Yuval Tal: "There is no debate about the success of some areas. Electric vehicles, charging stations, tariff management, the world of influencers is also fascinating - for example Tiktok. People spend countless hours on Tiktok and Instagram, these are people with tremendous economic influence, and it goes far beyond the Kardashians. There is also the world of supply chains. There is substantial financial uncertainty today among small businesses that want to sell online and it is a world that will be very interesting in terms of its fintech and connection to finance. As far as the world of e-commerce - if we look at which stores were popular three years ago - we are seeing a tremendous change. The stores that will be popular in another five years have not been established yet."
There is cooperation with the traditional financial system. Is it a complementary product or a player that is a competitor?
Idan Ofrat: "There is no competition. We are an infrastructure provider and we work closely with traditional financial entities - from traditional banks to dot com companies. These are not companies which have crypto in their nature. We provide such entities with complementary infrastructure to connect them to the new world. In the coming years it may just be complementary capability for innovative customers - but in another ten years this will be the basic infrastructure of such entities. Like an individual who wants to transfer money from a bank account in Israel to an account abroad, who suddenly realizes that it takes three days. Financial entities face such problems, even banks. And we work with everyone."
Is technology the problem?
Idan Ofrat: "The challenge is that regulation makes everything look a little slower than desired and that’s not necessarily something bad. That's not the whole problem, the problem is also technological. Meeting regulatory requirements takes longer than doing so in a new technological infrastructure. Money that passes between financial entities in the old world has to go through a slower system compared to if everything had been rebuilt in real time."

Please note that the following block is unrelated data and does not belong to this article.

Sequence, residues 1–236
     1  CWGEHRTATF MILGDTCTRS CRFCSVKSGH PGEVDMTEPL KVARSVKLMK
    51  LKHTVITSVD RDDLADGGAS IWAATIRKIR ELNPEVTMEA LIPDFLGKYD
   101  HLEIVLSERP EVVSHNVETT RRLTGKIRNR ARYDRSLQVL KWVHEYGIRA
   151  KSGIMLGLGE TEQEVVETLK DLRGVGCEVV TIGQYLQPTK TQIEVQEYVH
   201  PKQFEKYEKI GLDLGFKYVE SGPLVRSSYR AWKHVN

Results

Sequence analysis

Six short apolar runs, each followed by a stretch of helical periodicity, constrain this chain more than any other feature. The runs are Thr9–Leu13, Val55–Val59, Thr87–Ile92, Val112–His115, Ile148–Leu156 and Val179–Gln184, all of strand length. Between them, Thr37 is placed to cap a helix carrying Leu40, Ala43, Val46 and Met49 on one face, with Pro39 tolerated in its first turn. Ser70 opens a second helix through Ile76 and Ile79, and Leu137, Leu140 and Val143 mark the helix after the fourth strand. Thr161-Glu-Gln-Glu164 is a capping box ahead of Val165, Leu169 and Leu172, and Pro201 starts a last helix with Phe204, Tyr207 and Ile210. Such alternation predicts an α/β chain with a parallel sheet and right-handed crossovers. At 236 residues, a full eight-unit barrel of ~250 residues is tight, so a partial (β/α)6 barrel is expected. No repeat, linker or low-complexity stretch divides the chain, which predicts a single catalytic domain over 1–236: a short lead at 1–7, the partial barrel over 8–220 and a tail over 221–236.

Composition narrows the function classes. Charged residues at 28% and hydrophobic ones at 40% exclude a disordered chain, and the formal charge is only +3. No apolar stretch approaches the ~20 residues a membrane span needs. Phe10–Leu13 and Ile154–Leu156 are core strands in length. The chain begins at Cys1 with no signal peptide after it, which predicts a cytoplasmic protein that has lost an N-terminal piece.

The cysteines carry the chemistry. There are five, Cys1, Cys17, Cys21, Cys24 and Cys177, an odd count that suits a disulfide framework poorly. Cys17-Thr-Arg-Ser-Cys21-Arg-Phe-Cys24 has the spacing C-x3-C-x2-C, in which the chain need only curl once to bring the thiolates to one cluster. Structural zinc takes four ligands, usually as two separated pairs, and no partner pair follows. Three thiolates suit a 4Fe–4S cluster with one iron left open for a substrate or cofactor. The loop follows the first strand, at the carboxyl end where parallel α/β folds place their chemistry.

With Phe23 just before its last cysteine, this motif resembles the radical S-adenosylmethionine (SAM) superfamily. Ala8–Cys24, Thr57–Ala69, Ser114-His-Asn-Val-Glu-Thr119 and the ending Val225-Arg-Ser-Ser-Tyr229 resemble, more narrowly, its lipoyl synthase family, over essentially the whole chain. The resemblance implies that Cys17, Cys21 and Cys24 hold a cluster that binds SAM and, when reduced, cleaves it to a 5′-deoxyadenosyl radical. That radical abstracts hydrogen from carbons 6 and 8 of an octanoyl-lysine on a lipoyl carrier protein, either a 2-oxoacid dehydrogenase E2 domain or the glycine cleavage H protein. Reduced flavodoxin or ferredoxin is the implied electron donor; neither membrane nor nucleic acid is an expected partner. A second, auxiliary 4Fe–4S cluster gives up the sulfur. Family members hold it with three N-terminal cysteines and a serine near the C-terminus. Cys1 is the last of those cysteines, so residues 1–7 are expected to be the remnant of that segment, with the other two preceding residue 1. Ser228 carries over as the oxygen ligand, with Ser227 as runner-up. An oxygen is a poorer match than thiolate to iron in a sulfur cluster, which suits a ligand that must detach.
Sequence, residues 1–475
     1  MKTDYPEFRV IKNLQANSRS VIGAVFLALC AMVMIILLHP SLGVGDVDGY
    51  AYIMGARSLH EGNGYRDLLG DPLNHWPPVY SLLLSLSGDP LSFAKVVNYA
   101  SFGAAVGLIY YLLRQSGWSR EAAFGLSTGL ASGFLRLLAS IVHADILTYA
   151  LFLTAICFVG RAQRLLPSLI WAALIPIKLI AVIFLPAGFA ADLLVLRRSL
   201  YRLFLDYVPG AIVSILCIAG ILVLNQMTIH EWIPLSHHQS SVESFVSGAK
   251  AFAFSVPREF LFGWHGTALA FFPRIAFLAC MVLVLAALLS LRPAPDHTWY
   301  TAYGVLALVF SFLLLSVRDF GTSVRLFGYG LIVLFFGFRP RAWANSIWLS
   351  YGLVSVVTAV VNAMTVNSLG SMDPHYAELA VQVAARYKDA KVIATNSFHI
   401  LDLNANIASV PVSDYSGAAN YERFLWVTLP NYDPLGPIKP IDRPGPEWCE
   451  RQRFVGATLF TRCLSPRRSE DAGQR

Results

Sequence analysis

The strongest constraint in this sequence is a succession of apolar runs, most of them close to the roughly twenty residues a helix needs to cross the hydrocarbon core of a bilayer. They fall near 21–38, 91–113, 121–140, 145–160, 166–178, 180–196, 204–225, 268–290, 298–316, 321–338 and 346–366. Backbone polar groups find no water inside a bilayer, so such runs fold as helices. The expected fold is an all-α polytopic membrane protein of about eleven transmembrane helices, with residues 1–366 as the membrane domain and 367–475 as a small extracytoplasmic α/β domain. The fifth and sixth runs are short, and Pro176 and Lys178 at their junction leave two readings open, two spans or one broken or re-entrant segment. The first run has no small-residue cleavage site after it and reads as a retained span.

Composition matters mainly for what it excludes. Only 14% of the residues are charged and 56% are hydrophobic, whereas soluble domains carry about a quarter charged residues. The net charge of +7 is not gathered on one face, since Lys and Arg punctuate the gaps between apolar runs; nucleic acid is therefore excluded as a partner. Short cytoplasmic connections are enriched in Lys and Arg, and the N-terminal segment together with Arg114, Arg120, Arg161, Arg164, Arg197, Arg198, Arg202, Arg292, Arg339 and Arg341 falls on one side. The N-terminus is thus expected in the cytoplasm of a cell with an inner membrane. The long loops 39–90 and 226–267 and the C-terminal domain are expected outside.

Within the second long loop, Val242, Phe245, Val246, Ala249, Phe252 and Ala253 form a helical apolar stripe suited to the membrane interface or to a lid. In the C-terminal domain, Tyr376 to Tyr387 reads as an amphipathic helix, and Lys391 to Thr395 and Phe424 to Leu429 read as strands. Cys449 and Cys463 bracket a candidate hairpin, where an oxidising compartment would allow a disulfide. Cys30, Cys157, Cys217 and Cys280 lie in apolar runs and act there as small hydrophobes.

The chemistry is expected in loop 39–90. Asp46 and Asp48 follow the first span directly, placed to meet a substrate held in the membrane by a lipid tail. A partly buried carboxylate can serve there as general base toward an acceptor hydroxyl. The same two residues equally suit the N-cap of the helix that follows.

Moshe Kimchi: "The key is to work through regulation. There is a difference between a customer transferring 2,000 euros to a supplier in Spain via Fiverr and someone buying a villa in Greece. When we started out we wanted to provide these money transfer services - and now that we have the infrastructure and regulatory understanding, we make these services accessible to financial entities as well. If you know how to connect both technology and regulation, you can also serve financial entities."
Yuval Tal: "There is no fintech without banks. When you want to provide something related to credit, you need a bank behind it. Beyond that, many companies find that it is much easier to give money than get it back. Being a bank is not fun, many companies want to keep this part independent. A combination of a company that runs forward and a bank that keeps it in balance is a good combination."
Idan Ofrat: "We have a customer, an Australian bank, that issues stablecoins on a blockchain and they did it in three months. On the other hand, there are banks that we are still trying to convince to connect to cloud solutions. As Yuval said, it is impossible to leave the banks out of the picture, most of the resources are with them. The banks must also understand that if they do not understand the revolution, they will be left behind."
Moshe Kimhi: "Fintech focuses on customers who receive a more accessible answer from the banks - and this is what creates the perfect balance between the two."